P2605 OBD-II Trouble Code: Intake Air Heater A Circuit

Check Engine Light

P2605 code definition

The P2605 code gets stored when the PCM detects an irregular voltage reading originating from a certain intake air heater circuit.

What the P2605 code means

Voltage variations that fall outside of the parameters set forth by the manufacturer will trigger a stored code and, usually, a Check Engine Light. However, some vehicles will hold off on the Check Engine Light until there have been multiple (usually three) drive cycles that registered this problem.

Your vehicle’s intake air heater system warms air that enters the engine intake system so it can be put to the most efficient use. In order to do this, the intake heater system needs various electrical components to heat the air.

What causes the P2605 code?

The most common reason for a P2605 code to be stored is that your intake heater relay has become faulty.

Other causes include:

  • Open or shorted wires
  • Open or shorted connectors
  • An intake air temperature sensor that is broken or disconnected
  • A faulty intake air heater blower
  • The heater element has burned out
  • The PCM isn’t working correctly (very rare)

What are the symptoms of the P2605 code?

There aren’t really any symptoms associated with this code that most drivers would notice. Aside from the Check Engine Light we mentioned above, you probably won’t be aware of your vehicle acting any differently, though your engine may actually be underperforming.

How does a mechanic diagnose the P2605 code?

Your mechanic will use a scanner to retrieve whichever codes have been stored by your PCM. They’ll most likely use an ohmmeter and an infrared thermometer with a laser too. To begin with, they’ll examine wires and connectors and then use the scanner and record all freeze frame data and stored codes. After that, they’ll take the vehicle for a test drive to see if the code returns.

If the problem is still present, the mechanic will connect the scanner and crank the engine to see if the PCM commands the intake air heater to turn “ON.” They’ll then inspect the heating element to see if it’s finally warming up. Lastly, if the heating element remains cold, it will be time to check power sources for problems.

Common mistakes when diagnosing the P2605 code

If a mechanic rushes to judgment about the intake air heater’s problem – generally oversimplifying it – the repair may have a temporary effect, but the P2605 code will return. Each possibility for why the component isn’t working must be tested to make sure it’s fixed properly the first time.

How serious is the P2605 code?

The problems behind this code really aren’t that serious. However, it is worrisome that your vehicle probably won’t be performing as well as you’re used to without your noticing until the Check Engine light comes on. So although your safety won’t be at risk because the intake air heater system isn’t working correctly, it will cost you in performance and therefore getting it fixed should still be treated as a priority.

What repairs can fix the P2605 code?

The most common ways to fix the P2605 code are:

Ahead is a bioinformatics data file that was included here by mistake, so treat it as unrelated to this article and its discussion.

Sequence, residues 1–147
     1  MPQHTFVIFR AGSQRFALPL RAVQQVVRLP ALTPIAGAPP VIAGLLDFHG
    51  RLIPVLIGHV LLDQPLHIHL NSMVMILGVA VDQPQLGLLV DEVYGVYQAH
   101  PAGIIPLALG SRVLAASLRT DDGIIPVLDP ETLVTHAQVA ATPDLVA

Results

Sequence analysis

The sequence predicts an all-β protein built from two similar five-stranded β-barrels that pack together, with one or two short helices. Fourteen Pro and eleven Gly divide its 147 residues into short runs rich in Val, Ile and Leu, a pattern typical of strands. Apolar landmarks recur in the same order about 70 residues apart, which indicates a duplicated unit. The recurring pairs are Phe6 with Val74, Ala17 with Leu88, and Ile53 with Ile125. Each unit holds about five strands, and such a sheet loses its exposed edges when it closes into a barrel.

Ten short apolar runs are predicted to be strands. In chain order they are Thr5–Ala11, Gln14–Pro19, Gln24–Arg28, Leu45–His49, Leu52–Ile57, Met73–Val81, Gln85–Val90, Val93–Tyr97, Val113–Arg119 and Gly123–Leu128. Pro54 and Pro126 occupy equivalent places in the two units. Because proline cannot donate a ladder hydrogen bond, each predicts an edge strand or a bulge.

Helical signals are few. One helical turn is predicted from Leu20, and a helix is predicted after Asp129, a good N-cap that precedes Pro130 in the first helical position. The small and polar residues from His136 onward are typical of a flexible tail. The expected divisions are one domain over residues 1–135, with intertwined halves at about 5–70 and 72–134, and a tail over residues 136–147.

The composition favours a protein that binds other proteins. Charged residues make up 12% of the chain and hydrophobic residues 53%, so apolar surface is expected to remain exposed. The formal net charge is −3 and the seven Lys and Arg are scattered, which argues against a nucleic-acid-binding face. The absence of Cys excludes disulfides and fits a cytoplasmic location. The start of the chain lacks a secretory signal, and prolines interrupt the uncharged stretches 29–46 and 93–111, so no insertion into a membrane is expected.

In very rare cases, it may be necessary to replace your vehicle’s PCM.

Additional comments for consideration regarding the P2605 code

Always be careful when testing the temperature of the heating element. Once it’s fixed, it may all of a sudden heat up quickly and burn you. This is why an infrared thermostat that uses a laser is so helpful – you can test for heat without putting yourself at risk.

Need help with a P2605 code?

To speak with a service advisor about P2605 code and how YourMechanic can help, just call 1-800-701-6230 or book an appointment with us online. We’ll provide you with a quote ASAP and schedule a time when one of our certified mobile mechanics can work on your car. They can meet you at your home or place of business and carry out the repairs on the spot!

The statements expressed above are only for informational purposes and should be independently verified. Please see our terms of service for more details

Ask a Mechanic
(100% Free)

Have a car question? Get free advice from our top-rated mechanics.

Ask A Mechanic
Over 10,000 questions answered!

More related articles

Veteran and Military Driver Laws and Benefits in New Mexico
The state of New Mexico offers a number of benefits and perks for those Americans who have either served in an Armed Forces branch...
What are the Car Pool Rules in Hawaii?
Hawaii is widely regarded as a land of vacation and relaxation, and as such, its scenic roads and routes are far better known than the state’s freeways. But, as with all...
P2428 OBD-II Trouble Code: Exhaust Gas Temperature Too High Bank 1
P2428 code definition A P2428 trouble code signifies that the PCM has detected a problem in the exhaust gas temperature sensor circuit in bank 1, which subsequently contains the number one...

Related questions

Q: Car jerking with flashing check engine light.

If your Check Engine Light is flashing, you need to stop driving it until it is fixed. A flashing Check Engine Light is warning you that there is a fire danger because there is to much raw fuel entering the...

Q: Constant KA issues....

Well you have a new fuel injector, coil pack, and spark plug wires. Were the spark plugs changed? The condition of the plugs must be checked as a small crack in the plugs porcelain can cause spark to leak and...

Q: Is it the part or a deeper problem when the camshaft position sensor error displays after replacement

As a technician, anytime two sensors fail at once, I suspect there is something that both these sensors have in common. This common item is the likely point of failure. It is unlikely that two sensors would fail at the...